This system, if I’d ran it as written, would have had two consequences. The first is that the designers seemed to thing it would even be remotely viable to keep track of up to four-fucking-teen individual Genestealers, each of whom gets to make their own individual attacks during the round. Fourteen attack rolls from Genestealers who have Weapon Skills of 65 (so rolling on a 1-85 if they go for All Out Attack) and who can expect to do anything from 4-15 points of damage per hit on a Space Marine (tending towards the higher numbers because their claws do Tearing damage) will have good odds of utterly shredding a party of Marines. Hell, if they use their Swift Attack talent they could make 28 attack rolls – that should be more than enough to mince up the party. And with their particularly sick agility scores odds are they’ll be making those rolls before any of the party members get to go.

The second consequence which the designers clearly haven’t really appreciated is that as soon as 1 more Genestealer shows up to turn 14 individuals into a Magnitude 10 Horde, suddenly that crew have become massively less dangerous. Suddenly, they’ve gone from doing 14-28 attacks doing 4-15 damage per successful hit to doing 1 or 2 attacks per round, and the extra damage they get per successful hit from their Magnitude does not remotely compensate them for the loss of the extra 13-27 attacks. On top of that, a Mag-10 Horde can be automatically instakilled with one shot of a heavy flamer.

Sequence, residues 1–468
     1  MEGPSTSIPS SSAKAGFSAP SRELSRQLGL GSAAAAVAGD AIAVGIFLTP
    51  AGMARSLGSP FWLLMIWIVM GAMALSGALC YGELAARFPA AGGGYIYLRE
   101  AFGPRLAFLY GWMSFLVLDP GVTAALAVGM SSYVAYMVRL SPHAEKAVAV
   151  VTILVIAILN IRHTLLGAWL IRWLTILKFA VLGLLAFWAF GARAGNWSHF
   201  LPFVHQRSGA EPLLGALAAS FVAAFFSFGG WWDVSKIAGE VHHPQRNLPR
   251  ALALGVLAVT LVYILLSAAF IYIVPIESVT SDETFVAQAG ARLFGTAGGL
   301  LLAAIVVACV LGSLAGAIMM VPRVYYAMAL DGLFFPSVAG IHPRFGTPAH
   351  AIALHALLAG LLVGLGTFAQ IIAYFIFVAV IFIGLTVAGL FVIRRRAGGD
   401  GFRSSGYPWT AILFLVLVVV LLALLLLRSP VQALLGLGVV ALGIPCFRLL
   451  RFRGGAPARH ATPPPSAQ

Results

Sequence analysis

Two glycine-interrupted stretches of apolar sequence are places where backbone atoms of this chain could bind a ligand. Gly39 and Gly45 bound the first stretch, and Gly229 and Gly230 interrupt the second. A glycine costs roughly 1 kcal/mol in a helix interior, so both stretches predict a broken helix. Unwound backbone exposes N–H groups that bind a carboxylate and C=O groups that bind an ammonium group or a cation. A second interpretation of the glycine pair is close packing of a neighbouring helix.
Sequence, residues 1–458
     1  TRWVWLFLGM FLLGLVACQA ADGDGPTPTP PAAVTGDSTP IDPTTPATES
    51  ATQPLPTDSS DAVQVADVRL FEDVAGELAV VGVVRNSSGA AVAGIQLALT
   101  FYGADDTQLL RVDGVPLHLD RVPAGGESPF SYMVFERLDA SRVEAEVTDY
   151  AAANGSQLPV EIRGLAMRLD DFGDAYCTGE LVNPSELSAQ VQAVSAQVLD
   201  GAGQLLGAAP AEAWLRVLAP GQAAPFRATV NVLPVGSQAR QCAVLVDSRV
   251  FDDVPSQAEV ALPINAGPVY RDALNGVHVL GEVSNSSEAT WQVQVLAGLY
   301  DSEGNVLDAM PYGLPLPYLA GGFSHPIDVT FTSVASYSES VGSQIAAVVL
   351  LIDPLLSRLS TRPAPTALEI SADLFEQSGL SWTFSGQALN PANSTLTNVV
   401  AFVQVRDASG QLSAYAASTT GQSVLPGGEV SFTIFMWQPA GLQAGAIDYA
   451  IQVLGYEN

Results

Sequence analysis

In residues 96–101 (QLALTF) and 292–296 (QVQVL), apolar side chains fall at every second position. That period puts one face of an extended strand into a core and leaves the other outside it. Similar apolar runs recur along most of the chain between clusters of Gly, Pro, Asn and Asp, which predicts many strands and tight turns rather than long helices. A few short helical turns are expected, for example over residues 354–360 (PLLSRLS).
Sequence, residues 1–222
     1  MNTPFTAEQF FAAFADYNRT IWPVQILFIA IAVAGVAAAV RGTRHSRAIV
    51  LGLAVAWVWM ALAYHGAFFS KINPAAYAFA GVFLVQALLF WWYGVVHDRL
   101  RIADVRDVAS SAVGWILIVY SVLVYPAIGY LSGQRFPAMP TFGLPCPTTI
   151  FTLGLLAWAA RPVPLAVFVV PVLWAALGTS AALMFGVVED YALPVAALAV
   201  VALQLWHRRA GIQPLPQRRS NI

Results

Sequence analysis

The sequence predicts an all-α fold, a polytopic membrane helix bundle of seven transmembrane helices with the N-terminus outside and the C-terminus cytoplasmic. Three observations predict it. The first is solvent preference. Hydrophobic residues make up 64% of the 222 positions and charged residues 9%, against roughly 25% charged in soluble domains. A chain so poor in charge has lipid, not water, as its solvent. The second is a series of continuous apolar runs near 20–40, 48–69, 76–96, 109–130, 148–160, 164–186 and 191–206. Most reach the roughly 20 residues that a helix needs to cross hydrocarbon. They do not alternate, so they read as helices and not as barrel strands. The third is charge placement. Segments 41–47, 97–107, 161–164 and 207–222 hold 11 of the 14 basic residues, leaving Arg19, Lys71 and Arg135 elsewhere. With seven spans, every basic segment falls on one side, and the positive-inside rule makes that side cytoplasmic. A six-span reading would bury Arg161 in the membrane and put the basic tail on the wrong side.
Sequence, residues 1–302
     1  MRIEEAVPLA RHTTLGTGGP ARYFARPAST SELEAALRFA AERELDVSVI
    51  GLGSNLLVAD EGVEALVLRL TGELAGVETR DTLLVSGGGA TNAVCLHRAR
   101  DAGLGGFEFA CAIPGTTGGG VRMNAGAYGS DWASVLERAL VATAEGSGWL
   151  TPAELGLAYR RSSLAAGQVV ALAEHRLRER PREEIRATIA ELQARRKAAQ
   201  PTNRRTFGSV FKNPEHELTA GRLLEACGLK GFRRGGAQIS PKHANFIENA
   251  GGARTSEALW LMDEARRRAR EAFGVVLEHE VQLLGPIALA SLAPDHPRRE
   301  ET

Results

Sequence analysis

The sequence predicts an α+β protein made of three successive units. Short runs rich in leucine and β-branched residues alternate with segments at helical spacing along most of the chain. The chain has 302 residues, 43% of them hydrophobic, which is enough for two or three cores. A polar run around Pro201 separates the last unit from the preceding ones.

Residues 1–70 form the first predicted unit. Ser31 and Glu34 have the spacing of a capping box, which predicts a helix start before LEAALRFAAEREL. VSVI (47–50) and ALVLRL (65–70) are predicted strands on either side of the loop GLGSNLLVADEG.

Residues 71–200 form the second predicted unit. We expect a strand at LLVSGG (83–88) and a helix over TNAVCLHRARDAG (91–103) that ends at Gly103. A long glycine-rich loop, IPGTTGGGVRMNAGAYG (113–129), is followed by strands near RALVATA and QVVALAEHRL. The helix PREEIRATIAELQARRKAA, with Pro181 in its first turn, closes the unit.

Lone Genestealer
Smart Genestealers understand the Horde rules and prefer to go it alone.

I’m not going to go too deep into analysing precisely how daft this is – Dan has come up with extensive discussion of the Horde rules on these two posts on his blog and he’s 100% on the money with his analysis. The big thing is that the Horde rules really don’t work to model enemies which are meant to be individually fearsome. The whole debacle suggests two things: firstly, that FFG’s adventure designers don’t really understand the implications of their system, and secondly that FFG don’t seriously other to playtest the adventures they publish. Caveat gamer, I guess.

What I did instead was encourage the players to make tactics rolls to plan out their assault and use their successes to drop hints that the key to success in the town would be to keep moving. Then I kept reminding them of that tactical assessment once they were in the town. They got the message, not least because the first few Stealers they encountered underscored the point that they really did not want to wait around to get ambushed.

Actually, the use of the Tactics skill in the game strikes me as potentially interesting. Admittedly it can be a tool for mild railroading if you take the view that only the tactical assessment the GM provides for a successful tactics roll will be effective. Equally, in the hands of some groups it could risk taking the place of any sort of in-combat decision-making whatsoever. But as a way of presenting options which are likely to give the PCs at least some advantage if they follow them in-game, it’s pretty good, and I’d be inclined to allow the PCs to have bonuses for plans which ignore the tactics rolls if the plans sounded convincing enough.